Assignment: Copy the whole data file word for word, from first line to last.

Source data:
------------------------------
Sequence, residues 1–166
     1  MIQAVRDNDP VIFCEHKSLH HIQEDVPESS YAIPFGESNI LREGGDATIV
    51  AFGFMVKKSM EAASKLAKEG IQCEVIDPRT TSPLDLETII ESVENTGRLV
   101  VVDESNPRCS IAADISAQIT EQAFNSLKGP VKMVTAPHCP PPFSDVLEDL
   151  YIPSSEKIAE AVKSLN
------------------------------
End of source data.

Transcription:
Sequence, residues 1–166
     1  MIQAVRDNDP VIFCEHKSLH HIQEDVPESS YAIPFGESNI LREGGDATIV
    51  AFGFMVKKSM EAASKLAKEG IQCEVIDPRT TSPLDLETII ESVENTGRLV
   101  VVDESNPRCS IAADISAQIT EQAFNSLKGP VKMVTAPHCP PPFSDVLEDL
   151  YIPSSEKIAE AVKSLN